(AFP) – Mar 31, 2011
WASHINGTON — The US birth rate fell by four percent between 2007 and 2009, with some researchers blaming the steepest decline in more than 30 years on the dull economy, a study released Thursday found.
Birth rates fell for all women under age 40, with some of the steepest declines seen in women in their peak childbearing years, according to the study by the National Center for Health Statistics (NCHS).
Among women aged 20 to 24, birth rates plunged by nine percent to reach 96.3 births per 1,000 women -- a record low for the age group.
Teen birth rates declined by eight percent to just over 39 births per 1,000 girls and young women, the lowest rate ever recorded for those in the 15-19 age bracket.
The birth rate among women aged 25-30 dropped by six percent, and for women between 30 and 40, by two percent.
Women of all ethnic and racial origins were having children at a slower pace, but Hispanic women saw the largest drop, nine percent, compared to three percent for non-Hispanic white women and four percent for non-Hispanic black women, the NCHS said.
The authors of the report, which analysed data from US vital statistics natality files, said it was "not possible with birth data alone to identify the factors shaping the fertility rate decline."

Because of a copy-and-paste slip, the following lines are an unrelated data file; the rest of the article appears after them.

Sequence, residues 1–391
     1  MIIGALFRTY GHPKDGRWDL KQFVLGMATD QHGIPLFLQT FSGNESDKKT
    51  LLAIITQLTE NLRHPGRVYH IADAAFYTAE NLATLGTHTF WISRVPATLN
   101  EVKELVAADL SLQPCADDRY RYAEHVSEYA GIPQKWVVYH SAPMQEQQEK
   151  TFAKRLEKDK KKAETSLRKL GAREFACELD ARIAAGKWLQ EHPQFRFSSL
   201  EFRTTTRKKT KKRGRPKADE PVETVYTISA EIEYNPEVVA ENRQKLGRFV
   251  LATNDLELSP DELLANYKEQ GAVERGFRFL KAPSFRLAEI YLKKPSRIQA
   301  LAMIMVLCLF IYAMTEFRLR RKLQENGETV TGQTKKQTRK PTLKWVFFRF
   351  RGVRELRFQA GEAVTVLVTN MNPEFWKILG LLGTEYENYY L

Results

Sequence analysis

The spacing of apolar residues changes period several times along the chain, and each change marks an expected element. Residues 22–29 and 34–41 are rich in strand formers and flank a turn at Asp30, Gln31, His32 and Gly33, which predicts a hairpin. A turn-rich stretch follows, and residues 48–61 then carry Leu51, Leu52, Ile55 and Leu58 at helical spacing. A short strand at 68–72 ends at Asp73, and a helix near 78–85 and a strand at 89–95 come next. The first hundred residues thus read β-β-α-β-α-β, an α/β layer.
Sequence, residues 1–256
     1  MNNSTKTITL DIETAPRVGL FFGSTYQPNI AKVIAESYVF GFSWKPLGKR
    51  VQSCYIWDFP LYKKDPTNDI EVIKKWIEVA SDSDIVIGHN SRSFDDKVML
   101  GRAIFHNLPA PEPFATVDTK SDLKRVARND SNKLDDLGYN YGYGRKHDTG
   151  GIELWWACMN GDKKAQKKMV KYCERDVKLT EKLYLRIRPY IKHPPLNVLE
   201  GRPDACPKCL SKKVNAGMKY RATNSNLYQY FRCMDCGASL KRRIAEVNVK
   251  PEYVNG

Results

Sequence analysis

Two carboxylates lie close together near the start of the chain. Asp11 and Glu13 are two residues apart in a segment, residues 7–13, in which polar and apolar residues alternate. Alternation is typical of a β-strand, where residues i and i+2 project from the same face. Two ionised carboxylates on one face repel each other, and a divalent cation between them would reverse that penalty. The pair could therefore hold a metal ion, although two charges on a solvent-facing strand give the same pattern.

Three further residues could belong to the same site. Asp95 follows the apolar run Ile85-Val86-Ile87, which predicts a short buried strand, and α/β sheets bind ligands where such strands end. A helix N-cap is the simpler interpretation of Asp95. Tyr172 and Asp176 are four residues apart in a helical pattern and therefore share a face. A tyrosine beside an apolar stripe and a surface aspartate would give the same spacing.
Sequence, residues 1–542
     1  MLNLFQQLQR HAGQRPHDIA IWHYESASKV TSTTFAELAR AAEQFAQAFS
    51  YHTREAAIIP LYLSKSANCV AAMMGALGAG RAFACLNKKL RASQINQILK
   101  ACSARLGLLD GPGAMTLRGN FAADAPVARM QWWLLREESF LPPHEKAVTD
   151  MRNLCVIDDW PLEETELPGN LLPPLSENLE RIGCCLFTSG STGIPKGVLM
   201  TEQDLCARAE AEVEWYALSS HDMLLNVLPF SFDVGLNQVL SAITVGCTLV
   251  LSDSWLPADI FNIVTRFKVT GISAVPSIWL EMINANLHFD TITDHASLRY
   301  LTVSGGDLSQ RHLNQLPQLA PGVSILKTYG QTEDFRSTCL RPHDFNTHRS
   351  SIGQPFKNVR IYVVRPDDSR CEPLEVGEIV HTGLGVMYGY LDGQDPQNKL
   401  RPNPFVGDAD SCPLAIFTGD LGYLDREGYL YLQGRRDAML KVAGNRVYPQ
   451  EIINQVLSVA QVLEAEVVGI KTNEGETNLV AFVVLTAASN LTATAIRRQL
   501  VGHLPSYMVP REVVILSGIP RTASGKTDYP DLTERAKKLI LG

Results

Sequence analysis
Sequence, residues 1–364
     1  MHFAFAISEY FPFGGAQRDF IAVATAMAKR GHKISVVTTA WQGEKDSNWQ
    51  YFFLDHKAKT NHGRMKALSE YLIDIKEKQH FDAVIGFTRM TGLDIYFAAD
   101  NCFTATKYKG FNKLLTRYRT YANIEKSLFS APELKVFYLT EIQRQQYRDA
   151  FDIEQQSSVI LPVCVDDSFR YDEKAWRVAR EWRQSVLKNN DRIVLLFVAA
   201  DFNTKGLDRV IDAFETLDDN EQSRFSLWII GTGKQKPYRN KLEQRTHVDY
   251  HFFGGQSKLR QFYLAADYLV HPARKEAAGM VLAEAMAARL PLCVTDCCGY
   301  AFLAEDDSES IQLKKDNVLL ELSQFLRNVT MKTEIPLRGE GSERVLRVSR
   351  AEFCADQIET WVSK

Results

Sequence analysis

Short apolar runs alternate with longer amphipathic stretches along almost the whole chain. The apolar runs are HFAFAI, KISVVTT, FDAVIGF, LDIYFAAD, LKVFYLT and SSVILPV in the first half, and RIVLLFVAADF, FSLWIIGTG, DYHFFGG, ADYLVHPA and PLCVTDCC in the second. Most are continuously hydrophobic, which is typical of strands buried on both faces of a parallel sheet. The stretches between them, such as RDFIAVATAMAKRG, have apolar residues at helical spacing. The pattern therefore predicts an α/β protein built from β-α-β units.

But they cited a study published last year by the Pew Research Center, which noted that the drop in fertility coincided with deteriorating economic conditions in the United States.
"There is a strong association between the magnitude of fertility change in 2008... and key economic indicators including changes in per capita income, housing prices and share of the working-age population that is employed across states," said the Pew report.
Its researchers looked at fertility rates and economic indicators in 25 states, and found that in all 22 states where the birth rate levelled off or declined in 2008, economic conditions had "begun to deteriorate within the two previous years, when many potential parents were deciding... to have a child."
The birth rate decline was sharper for second and third children -- around six percent -- than for the first child, which was down by three percent, the NCHS study showed.
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